The problem with training neural networks is always finding the training data. Samples of individual notes are available on the internet. Samples of chords are not available.

There are 16 chord types that are recognized by the Audiophile’s Analyzer. There are 96 notes in 8 octaves. So, it is possible to play 1536 different cords on a piano keyboard. It is not practical to play, record and label so many samples.

To solve this a feature has been added to the CNN tab of the Audiophile’s Analyzer which will produce MIDI files for every possible chord for a selected instrument.

These MIDI files are then converted to .wav audio files using a third-party application. When read by the Audiophile’s Analyzer a spectrogram is produced.

The Training set creation utility is then used to slice the spectrogram to create the training images.

Monochrome images are used to train the CNN, color is for humans.

This utility will recognize the filename format and produce the labels file. Multiple labels will be applied to each file.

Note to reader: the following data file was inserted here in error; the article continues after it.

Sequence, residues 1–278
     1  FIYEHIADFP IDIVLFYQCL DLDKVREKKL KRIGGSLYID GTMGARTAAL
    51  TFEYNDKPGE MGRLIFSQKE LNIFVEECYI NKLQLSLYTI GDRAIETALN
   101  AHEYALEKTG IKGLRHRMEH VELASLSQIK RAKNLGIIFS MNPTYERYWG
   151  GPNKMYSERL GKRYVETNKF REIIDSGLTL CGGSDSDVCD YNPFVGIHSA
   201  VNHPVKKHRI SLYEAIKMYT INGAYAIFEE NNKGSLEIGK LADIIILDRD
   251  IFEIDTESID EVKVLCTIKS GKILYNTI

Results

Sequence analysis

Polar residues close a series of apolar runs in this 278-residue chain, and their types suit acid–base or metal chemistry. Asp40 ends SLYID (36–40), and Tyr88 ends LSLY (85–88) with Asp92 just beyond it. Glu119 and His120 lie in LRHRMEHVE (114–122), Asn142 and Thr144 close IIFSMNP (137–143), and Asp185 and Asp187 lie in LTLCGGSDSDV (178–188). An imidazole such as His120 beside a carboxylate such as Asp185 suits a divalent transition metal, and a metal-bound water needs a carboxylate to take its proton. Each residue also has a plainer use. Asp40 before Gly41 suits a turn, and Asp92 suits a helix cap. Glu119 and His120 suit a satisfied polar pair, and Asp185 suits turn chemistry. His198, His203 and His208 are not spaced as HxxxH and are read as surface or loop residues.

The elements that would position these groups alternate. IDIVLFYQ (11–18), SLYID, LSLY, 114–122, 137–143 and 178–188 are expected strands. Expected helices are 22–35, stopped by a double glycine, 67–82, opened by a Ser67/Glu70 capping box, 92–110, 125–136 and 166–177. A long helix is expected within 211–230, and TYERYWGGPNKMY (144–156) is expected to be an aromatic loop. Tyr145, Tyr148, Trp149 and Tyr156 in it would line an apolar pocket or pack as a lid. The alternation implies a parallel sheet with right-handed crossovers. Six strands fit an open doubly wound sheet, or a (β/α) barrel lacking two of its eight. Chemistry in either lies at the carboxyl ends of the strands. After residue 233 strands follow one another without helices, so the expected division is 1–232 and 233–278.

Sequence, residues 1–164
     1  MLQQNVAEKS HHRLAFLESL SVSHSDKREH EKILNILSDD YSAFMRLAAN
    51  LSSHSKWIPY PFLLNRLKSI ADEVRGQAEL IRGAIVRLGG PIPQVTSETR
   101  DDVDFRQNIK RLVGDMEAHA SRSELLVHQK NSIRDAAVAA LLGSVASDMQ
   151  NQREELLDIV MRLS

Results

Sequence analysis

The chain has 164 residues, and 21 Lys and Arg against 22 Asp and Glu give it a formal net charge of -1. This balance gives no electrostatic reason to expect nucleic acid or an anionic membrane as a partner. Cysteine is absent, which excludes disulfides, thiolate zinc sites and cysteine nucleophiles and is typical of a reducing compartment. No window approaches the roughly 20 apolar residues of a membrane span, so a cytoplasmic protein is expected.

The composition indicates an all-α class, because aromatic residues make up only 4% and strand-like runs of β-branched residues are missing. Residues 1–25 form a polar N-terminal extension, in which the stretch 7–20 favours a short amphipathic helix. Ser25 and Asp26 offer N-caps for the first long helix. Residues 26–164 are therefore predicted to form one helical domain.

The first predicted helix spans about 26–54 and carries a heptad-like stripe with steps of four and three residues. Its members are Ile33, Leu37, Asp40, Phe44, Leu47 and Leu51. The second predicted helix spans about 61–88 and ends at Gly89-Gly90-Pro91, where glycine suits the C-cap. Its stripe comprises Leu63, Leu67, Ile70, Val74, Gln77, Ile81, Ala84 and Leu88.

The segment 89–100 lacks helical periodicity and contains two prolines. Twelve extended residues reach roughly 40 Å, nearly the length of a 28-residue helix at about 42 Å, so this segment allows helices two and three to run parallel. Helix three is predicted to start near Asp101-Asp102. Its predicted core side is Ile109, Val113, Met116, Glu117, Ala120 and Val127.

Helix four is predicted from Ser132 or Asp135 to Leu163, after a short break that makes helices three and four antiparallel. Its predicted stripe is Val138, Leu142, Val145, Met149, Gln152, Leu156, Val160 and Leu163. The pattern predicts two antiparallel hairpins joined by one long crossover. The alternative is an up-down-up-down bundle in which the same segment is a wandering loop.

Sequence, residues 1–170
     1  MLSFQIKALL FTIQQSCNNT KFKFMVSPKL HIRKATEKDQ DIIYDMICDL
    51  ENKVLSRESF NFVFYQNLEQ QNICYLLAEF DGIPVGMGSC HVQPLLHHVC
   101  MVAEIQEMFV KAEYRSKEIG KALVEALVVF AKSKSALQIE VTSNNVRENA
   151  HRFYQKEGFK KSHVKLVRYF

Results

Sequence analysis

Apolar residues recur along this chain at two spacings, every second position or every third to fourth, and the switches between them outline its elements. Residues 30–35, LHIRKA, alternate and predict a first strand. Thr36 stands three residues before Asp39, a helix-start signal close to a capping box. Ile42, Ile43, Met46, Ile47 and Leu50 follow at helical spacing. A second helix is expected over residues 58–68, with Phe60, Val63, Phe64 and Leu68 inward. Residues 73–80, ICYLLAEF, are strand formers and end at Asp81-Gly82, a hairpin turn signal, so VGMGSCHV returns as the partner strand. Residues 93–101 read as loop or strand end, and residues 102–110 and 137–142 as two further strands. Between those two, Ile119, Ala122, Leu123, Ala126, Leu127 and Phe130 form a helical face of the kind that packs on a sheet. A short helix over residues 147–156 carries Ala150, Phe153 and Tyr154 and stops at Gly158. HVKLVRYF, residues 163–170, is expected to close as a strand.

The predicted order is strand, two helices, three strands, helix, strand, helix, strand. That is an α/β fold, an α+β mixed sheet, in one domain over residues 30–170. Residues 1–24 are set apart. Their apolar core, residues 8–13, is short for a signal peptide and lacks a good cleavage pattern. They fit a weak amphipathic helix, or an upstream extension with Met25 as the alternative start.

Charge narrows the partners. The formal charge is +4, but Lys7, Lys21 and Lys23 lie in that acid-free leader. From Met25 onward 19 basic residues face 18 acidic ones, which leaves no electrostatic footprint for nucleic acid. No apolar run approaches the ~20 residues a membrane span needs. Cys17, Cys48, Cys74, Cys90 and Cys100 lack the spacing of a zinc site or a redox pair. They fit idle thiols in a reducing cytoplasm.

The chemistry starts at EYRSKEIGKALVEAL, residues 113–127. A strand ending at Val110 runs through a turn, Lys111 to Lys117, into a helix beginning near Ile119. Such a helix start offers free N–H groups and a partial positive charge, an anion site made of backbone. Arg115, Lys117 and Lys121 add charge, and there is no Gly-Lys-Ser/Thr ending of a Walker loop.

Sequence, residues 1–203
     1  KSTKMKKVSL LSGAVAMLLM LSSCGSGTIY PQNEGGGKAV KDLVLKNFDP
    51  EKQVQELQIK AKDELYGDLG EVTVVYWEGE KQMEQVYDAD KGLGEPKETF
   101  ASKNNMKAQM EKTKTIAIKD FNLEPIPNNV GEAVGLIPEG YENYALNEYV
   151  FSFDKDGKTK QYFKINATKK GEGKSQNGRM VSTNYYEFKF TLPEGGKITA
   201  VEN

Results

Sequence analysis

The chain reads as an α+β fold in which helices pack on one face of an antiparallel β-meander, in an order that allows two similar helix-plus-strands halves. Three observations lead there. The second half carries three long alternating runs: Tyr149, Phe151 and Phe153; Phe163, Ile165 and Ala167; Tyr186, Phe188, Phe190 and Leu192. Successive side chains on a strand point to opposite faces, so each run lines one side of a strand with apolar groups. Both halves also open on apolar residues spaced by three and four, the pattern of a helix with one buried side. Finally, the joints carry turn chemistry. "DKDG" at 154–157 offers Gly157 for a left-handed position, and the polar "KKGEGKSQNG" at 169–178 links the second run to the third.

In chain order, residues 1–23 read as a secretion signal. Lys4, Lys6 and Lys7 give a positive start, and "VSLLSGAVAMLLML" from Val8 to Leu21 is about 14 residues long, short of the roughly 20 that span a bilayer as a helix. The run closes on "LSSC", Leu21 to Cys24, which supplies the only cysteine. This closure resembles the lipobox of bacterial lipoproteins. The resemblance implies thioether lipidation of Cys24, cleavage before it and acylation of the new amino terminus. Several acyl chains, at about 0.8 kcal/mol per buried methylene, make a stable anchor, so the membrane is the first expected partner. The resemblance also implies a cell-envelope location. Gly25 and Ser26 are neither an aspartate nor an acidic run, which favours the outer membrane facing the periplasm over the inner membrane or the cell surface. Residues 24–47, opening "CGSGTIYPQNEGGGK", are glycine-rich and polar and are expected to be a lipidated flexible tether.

The Audiophile’s Analyzer is used to build and train a CNN using the labeled images.

The output layer of the neural network will have 96 outputs, labeled from 0C to 7B. During training the required outputs will be set for each note in the file label.

Training results are recorded:

Using the Audiophile’s Analyzer to transcribe a .wav file:

Version 1.2 now released supports both MIDI file output from a score transcribed from audio, and MIDI file input for analysis and transcription.

To illustrate the MIDI functionality simply I will use a single note played on a bassoon.

Using the metronome this transcribes as:

Saving to MIDI we get these events:

Opening the saved MIDI file we see:

Scoring produces:

Note the missing rest at the end. The MIDI standard has no way of specifically defining a rest. The Audiophile’s Analyzer will infer rests that occur between notes, but this final rest cannot be inferred.